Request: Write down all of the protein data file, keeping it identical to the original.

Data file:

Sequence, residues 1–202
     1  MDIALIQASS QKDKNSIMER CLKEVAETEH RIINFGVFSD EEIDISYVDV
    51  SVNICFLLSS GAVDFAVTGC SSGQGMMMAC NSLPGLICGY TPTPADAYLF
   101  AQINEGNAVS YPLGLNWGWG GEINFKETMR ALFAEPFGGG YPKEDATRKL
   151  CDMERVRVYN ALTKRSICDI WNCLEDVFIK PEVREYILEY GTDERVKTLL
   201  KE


Sequence, residues 1–202
     1  MDIALIQASS QKDKNSIMER CLKEVAETEH RIINFGVFSD EEIDISYVDV
    51  SVNICFLLSS GAVDFAVTGC SSGQGMMMAC NSLPGLICGY TPTPADAYLF
   101  AQINEGNAVS YPLGLNWGWG GEINFKETMR ALFAEPFGGG YPKEDATRKL
   151  CDMERVRVYN ALTKRSICDI WNCLEDVFIK PEVREYILEY GTDERVKTLL
   201  KE